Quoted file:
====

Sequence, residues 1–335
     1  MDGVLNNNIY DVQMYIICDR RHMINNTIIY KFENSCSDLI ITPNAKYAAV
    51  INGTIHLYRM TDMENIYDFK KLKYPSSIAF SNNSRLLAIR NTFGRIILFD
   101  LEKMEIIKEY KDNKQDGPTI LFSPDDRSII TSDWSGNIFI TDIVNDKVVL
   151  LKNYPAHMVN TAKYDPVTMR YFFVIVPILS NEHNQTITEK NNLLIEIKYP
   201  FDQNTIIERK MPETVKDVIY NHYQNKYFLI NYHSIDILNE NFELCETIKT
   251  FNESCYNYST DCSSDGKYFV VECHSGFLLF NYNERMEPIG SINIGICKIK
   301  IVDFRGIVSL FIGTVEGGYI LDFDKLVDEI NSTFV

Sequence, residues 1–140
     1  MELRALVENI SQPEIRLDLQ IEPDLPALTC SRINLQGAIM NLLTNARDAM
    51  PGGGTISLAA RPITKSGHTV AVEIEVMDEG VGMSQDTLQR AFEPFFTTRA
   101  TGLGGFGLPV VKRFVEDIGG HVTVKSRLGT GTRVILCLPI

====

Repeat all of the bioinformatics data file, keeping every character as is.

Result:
Sequence, residues 1–335
     1  MDGVLNNNIY DVQMYIICDR RHMINNTIIY KFENSCSDLI ITPNAKYAAV
    51  INGTIHLYRM TDMENIYDFK KLKYPSSIAF SNNSRLLAIR NTFGRIILFD
   101  LEKMEIIKEY KDNKQDGPTI LFSPDDRSII TSDWSGNIFI TDIVNDKVVL
   151  LKNYPAHMVN TAKYDPVTMR YFFVIVPILS NEHNQTITEK NNLLIEIKYP
   201  FDQNTIIERK MPETVKDVIY NHYQNKYFLI NYHSIDILNE NFELCETIKT
   251  FNESCYNYST DCSSDGKYFV VECHSGFLLF NYNERMEPIG SINIGICKIK
   301  IVDFRGIVSL FIGTVEGGYI LDFDKLVDEI NSTFV

Sequence, residues 1–140
     1  MELRALVENI SQPEIRLDLQ IEPDLPALTC SRINLQGAIM NLLTNARDAM
    51  PGGGTISLAA RPITKSGHTV AVEIEVMDEG VGMSQDTLQR AFEPFFTTRA
   101  TGLGGFGLPV VKRFVEDIGG HVTVKSRLGT GTRVILCLPI